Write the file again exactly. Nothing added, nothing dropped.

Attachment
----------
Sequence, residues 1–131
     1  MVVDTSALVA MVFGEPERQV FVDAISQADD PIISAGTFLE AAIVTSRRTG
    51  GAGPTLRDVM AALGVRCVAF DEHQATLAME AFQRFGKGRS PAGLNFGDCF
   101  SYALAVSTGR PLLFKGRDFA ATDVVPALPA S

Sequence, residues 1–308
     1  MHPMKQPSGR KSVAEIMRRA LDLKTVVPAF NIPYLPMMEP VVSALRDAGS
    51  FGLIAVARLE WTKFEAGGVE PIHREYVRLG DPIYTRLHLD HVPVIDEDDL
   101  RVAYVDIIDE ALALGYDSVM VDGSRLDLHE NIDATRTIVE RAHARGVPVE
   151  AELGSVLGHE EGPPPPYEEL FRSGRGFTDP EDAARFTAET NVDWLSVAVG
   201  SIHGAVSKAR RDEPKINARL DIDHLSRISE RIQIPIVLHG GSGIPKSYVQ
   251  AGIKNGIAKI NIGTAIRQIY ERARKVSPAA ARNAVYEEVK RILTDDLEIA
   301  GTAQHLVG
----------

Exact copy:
Sequence, residues 1–131
     1  MVVDTSALVA MVFGEPERQV FVDAISQADD PIISAGTFLE AAIVTSRRTG
    51  GAGPTLRDVM AALGVRCVAF DEHQATLAME AFQRFGKGRS PAGLNFGDCF
   101  SYALAVSTGR PLLFKGRDFA ATDVVPALPA S

Sequence, residues 1–308
     1  MHPMKQPSGR KSVAEIMRRA LDLKTVVPAF NIPYLPMMEP VVSALRDAGS
    51  FGLIAVARLE WTKFEAGGVE PIHREYVRLG DPIYTRLHLD HVPVIDEDDL
   101  RVAYVDIIDE ALALGYDSVM VDGSRLDLHE NIDATRTIVE RAHARGVPVE
   151  AELGSVLGHE EGPPPPYEEL FRSGRGFTDP EDAARFTAET NVDWLSVAVG
   201  SIHGAVSKAR RDEPKINARL DIDHLSRISE RIQIPIVLHG GSGIPKSYVQ
   251  AGIKNGIAKI NIGTAIRQIY ERARKVSPAA ARNAVYEEVK RILTDDLEIA
   301  GTAQHLVG